MEXICO CITY - The country's most notorious drug cartel leader, Joaquín "El Chapo" Guzmán, was arrested overnight by Mexican and U.S. officials, multiple media outlets reported Saturday.
Mexican media say soldiers arrested Guzmán in Mazatlán - a popular tourist destination in Sinaloa state - at a family gathering at a local hotel. The 56-year-old faces multiple federal drug trafficking indictments in the U.S. and is on the Drug Enforcement Administration's most-wanted list.
Guzmán controlled the drug-running territories in northwestern Mexico but had ambitions to expand his empire. He made an attempt to displace the established cartel in Nuevo Laredo and later tried doing the same in Ciudad Juárez. The latter attempt provoked a turf war that claimed more than 10,000 lives over a four-year period. Both border cities are coveted by cartels for moving drugs into the United States.
"It's a coup (for the Mexican government) given how difficult Chapo has been to catch and given that they had been accused of favoring the Sinaloa cartel," says Malcolm Beith, journalist and author of a book on Guzmán.
The arrest puts Mexico's most-wanted man back behind bars 13 years after he escaped from a Guadalajara-area prison by being wheeled out the door in a laundry cart.
"For Mexico in general it's also a boost, long-term - the less kingpins around, the harder it is for drug trafficking organizations/cartels to operate," Beith said. "Short-term, however, it's quite likely violence will plague Sinaloa, as lower-level narcos battle it out for Chapo's turf."
Guzmán came to symbolize Mexico's difficulties in curbing drug cartel and organized crime violence, which has claimed more than 25,000 lives over the recent years and left thousands more missing.
"Why has Chapo Guzmán not been caught before? Because he's smart and he's ruthless," says Alejandro Hope, security expert at the Mexican Institute for Competitiveness in Mexico City.
Guzmán was born into poverty in a rural hamlet in rugged Sierra Madre mountains, where men like his father scratched out livings as "gomeros," or opium poppy pickers. Named "Chapo" ("Shorty"), the diminutive Guzmán sold oranges as a boy, but rose through the ranks of organized crime and assumed the leadership of the Sinaloa cartel.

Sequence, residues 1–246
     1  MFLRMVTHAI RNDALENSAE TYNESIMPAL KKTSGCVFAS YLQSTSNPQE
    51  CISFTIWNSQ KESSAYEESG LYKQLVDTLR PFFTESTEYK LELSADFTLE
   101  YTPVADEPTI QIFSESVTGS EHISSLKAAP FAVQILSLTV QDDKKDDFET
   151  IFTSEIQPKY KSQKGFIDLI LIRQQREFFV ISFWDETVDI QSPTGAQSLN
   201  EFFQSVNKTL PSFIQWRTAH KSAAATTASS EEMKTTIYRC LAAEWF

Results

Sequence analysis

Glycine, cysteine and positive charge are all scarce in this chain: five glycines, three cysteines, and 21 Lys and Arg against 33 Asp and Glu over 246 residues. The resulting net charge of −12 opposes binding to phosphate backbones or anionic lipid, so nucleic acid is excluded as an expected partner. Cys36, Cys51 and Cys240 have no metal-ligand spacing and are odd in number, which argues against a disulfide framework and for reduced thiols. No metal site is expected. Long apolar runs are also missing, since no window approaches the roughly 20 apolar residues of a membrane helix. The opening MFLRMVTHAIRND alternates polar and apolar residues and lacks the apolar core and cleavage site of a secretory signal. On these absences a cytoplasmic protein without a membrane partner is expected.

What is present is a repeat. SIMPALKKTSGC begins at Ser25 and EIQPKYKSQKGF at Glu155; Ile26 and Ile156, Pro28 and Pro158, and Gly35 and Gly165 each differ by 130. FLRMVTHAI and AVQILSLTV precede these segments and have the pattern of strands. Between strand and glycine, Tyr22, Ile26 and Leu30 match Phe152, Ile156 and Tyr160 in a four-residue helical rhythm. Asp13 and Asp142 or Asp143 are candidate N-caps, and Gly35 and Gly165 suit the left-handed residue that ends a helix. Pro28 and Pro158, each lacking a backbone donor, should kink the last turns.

The cartel built a strong base of support in the Sierra Madre and states such as Sinaloa, plying the poor with charity, providing jobs for young men and even putting donations on the church collection plate. The protection kept Guzmán safe, although false stories of his arrest often surfaced, along with unconfirmed sightings.
"Chapo has been tough to capture because he's always played his cards right. He's laid low at the right times, never risen too far above the radar. He's let his mythology grow around him so that people continue to respect him," Beith said. "He's also benefited from perhaps the most extensive corruption network nationwide. Documents show that he's managed to bribe everyone from military officials to a Supreme Court clerk."
His time as a fugitive frustrated federal officials, especially the administration of former President Felipe Calderón, who ordered a crackdown on the cartels after taking office in December 2006. Calderón's frustration boiled over in 2009, when Forbes magazine put Guzmán on its annual list of billionaires.
President Enrique Peña Nieto has spoken sparingly of security matters since taking office in December 2012, although federal forces have captured senior leaders from the notoriously violent Los Zetas cartel.
Peña Nieto campaigned on the idea of focusing less on capturing cartel kingpins and more on protecting ordinary Mexicans against crimes such as kidnap and extortion.
However, security analysts say the Calderón policy remains in place.
"There's a continuing process of dismantling criminal gangs and decapitating them" by arresting senior leaders," Hope says. "This is the main feature of Mexican security policy and it did not change under Peña Nieto."
With the capture of cartel kingpins, underlings have squabbled over the remnants of criminal empires, with splinter groups diversifying into other illegal activities.
Hope says the government needs to rethink its strategy to improve local law enforcement, which can often be ineffective and even corrupt.
"This is the end of the line for the old-style narco," Hope says."This is a major event in the long transition from the old-style narco-trafficking organizations, which were mostly dedicated to drug smuggling into the U.S. to a more diversified, more local, more extractive organized crime," specializing in robbery and extortion.
Others suspect the Sinaloa Cartel can stay somewhat intact - as it did while Guzmán was imprisoned between 1993 and 2001.
"Such Mexican cartels as the Arellano Féliz Organization, the Beltrán Leyva Organization, the Gulf Cartel, and Los Zetas have fragmented with their boss was captured or killed," says George Grayson, Mexico expert at the College of William & Mary in Virginia.
"The Sinaloa Cartel is likely to avoid such fragmentation."
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